Last month, Pacific Standard released “The Unforeseen Complications of Pumping Breast Milk ” and because I’m a glutton for mom-guilt punishment, I clicked over and read it.
The gist of the piece went like this: Pumping is not 100% equal to actually breastfeeding your baby so we need to stop treating it as such.
OK, so let’s pause here and take a deep breath, because I’m sure your initial reaction will be similar to mine, which was, are you freaking kidding me? Like moms don’t have enough to feel badly about, now we have to guilt them for pumping at work?!
But when I took a step back from the piece and really thought about it, I realized that in a lot of ways, the author made some really great points. Like when she quoted Virginia Thorley, a lactation consultant and honorary research fellow at the University of Queensland in Australia as saying, “The underlying message [with pumping at work] is that milk expressing is incidental to her real work and her real life, as an employee. The elephant in the room is the deplorable lack of paid maternity leave. I believe improving work conditions should be a high priority — not making fancier pumps.”
I will freely admit that I despise/loath/dread pumping. I hate it so much, in fact, that my current almost four-month old baby has never taken a bottle, nor I doubt, will she ever because I hate pumping so much. Although I work full-time hours, I do so from home, which allows me enough time to feed her myself, so it’s not usually a big issue. Logically, I know I should get her on a bottle, just in case, but I haven’t been successful yet — every time I vow to pump, it just seems infinitely easier to feed her myself in that moment.
History is repeating itself a bit for me, though. This time two years ago with my last baby, I was working as a relief OB nurse and once again, because I vastly preferred breastfeeding to pumping, I worked shorter shifts and often had my mother or husband bring the baby up to me if he refused his bottle so I could nurse him on my breaks. One particularly harried shift, however, I was “mandated” to stay for a sixteen-hour shift — in nursing speak, that means I was told that even though I had only signed up for an eight-hour work shift, I legally couldn’t leave the hospital because we were so short-staffed. I could be charged with “abandonment,” a literal crime if I refused — even though my baby wouldn’t take a bottle and I didn’t even have my pump with me.
My mom tried her hardest to feed him at home with pumped milk, but he was older and wiser — no substitutions, please. She called me several times, in a panic, and I was in tears hearing my baby scream for me on the other end. I was having a hard time focusing on work myself with my boobs about to burst off my chest, but because I was assigned to nursery care with a very sick newborn, I couldn’t even take a break to feed him.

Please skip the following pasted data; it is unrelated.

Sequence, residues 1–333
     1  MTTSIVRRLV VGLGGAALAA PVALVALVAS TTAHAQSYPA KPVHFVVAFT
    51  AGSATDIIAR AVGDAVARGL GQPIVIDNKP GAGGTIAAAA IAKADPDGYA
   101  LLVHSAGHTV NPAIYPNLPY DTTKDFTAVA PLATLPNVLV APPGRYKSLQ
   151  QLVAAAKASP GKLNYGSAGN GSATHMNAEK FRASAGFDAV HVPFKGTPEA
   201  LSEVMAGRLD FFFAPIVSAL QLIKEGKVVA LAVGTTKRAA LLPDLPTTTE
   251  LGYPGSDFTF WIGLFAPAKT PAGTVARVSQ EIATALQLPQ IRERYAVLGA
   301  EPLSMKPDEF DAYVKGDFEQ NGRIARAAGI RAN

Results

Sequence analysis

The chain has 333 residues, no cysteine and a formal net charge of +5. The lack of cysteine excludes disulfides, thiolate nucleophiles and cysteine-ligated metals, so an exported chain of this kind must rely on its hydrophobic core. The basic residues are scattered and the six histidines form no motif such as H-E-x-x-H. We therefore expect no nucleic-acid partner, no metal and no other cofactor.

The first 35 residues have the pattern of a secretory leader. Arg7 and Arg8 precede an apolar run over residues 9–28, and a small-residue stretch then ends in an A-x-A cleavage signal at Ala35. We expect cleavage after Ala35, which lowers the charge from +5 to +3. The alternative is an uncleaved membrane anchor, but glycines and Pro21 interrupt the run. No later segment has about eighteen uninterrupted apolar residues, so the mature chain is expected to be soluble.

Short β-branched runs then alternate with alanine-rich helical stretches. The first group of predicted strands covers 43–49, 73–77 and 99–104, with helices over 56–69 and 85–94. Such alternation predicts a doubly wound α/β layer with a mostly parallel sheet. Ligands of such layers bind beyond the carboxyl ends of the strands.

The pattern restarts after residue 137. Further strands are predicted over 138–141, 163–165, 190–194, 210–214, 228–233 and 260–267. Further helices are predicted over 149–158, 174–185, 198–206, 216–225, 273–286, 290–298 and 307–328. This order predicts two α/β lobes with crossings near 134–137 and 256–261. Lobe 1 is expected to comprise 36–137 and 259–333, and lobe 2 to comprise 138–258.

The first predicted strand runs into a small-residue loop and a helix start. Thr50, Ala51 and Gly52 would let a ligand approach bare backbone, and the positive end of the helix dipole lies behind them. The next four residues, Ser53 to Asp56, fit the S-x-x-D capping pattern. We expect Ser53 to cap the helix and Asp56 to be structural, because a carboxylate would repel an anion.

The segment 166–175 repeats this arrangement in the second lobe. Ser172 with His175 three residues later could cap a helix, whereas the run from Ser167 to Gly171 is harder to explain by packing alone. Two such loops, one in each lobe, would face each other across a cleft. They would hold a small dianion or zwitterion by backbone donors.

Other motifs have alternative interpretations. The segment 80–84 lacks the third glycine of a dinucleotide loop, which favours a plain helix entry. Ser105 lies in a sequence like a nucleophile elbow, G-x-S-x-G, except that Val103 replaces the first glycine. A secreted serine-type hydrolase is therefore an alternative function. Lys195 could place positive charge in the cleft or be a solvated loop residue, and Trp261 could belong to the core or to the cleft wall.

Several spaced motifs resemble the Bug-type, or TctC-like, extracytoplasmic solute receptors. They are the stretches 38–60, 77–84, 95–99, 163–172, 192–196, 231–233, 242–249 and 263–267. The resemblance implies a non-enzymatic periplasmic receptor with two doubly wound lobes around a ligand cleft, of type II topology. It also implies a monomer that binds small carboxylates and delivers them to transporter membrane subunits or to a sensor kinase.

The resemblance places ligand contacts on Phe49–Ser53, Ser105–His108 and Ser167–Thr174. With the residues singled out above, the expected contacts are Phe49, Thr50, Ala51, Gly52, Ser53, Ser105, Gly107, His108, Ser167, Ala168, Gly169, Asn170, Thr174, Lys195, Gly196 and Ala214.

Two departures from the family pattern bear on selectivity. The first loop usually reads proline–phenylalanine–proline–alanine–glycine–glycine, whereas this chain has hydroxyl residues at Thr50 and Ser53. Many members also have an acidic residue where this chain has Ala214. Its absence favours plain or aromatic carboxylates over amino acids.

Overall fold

Finally, my manager threw up her hands and told me to have my mom bring the baby up to me — I couldn’t even step out of the nursery, but my mom handed the baby to me and I held him in one arm to nurse him while I ran IV medications to the baby I was caring for with the other.
At the time, I was grateful to just have the chance to feed my baby at work without going to jail, but looking back — that was insane.
I’m not saying that women need to feel guilty for the way they choose to feed their babies, I am saying that they shouldn’t feel guilty for feeding their babies. (I can almost guarantee that there will be some negative comments on this post along the lines of, “Well, that’s what you get for not making sure your baby could take a bottle!” but that’s not really supporting each other is it?) My choice to want to exclusively breastfeed my babies is just as valid as a mother who wishes to exclusively formula feed, but the uncomfortable truth is that the two are not remotely equal in the workplace. Are ideas like on-site day care, extended maternity leave, or flexible work schedules for a duration of time that is but blip in a woman’s work life really that far-fetched when we are talking about the health and potential of future generations?
The truth is, there are probably some yet-to-be discovered scientific benefits to the actual skin-to-skin contact of breastfeeding a baby that pumping just can’t replace. The article pointed out, for instance, that breast milk changes in composition sometimes as much as hourly in response to our baby’s cues, or that pumping in short durations may only produce foremilk and not the really nice, fatty milk at the end of a feeding.
It’s unrealistic to expect that in every situation, every mother will even want or be able to successfully feed her baby at the breast at all times, but it’s also unrealistic for every parental governing agency in America to recommend breast as best and expect working mothers to figure out how to make that work all on their own through tears, desperation, and maybe even a little law-breaking.
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